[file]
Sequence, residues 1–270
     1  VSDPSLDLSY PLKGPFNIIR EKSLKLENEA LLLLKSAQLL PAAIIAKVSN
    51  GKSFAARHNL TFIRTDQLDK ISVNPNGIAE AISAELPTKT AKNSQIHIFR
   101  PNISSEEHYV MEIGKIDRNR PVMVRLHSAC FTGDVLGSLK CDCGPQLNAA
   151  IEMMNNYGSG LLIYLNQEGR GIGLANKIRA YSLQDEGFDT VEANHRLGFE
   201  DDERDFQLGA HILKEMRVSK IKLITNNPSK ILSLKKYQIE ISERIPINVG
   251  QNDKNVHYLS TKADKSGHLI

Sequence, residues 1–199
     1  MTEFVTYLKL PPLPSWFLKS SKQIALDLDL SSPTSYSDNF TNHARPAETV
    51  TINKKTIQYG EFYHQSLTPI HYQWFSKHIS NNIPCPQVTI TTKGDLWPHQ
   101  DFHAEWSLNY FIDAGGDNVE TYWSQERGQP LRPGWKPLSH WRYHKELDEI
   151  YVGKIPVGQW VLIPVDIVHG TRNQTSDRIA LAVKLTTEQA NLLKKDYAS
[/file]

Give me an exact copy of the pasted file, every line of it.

Sequence, residues 1–270
     1  VSDPSLDLSY PLKGPFNIIR EKSLKLENEA LLLLKSAQLL PAAIIAKVSN
    51  GKSFAARHNL TFIRTDQLDK ISVNPNGIAE AISAELPTKT AKNSQIHIFR
   101  PNISSEEHYV MEIGKIDRNR PVMVRLHSAC FTGDVLGSLK CDCGPQLNAA
   151  IEMMNNYGSG LLIYLNQEGR GIGLANKIRA YSLQDEGFDT VEANHRLGFE
   201  DDERDFQLGA HILKEMRVSK IKLITNNPSK ILSLKKYQIE ISERIPINVG
   251  QNDKNVHYLS TKADKSGHLI

Sequence, residues 1–199
     1  MTEFVTYLKL PPLPSWFLKS SKQIALDLDL SSPTSYSDNF TNHARPAETV
    51  TINKKTIQYG EFYHQSLTPI HYQWFSKHIS NNIPCPQVTI TTKGDLWPHQ
   101  DFHAEWSLNY FIDAGGDNVE TYWSQERGQP LRPGWKPLSH WRYHKELDEI
   151  YVGKIPVGQW VLIPVDIVHG TRNQTSDRIA LAVKLTTEQA NLLKKDYAS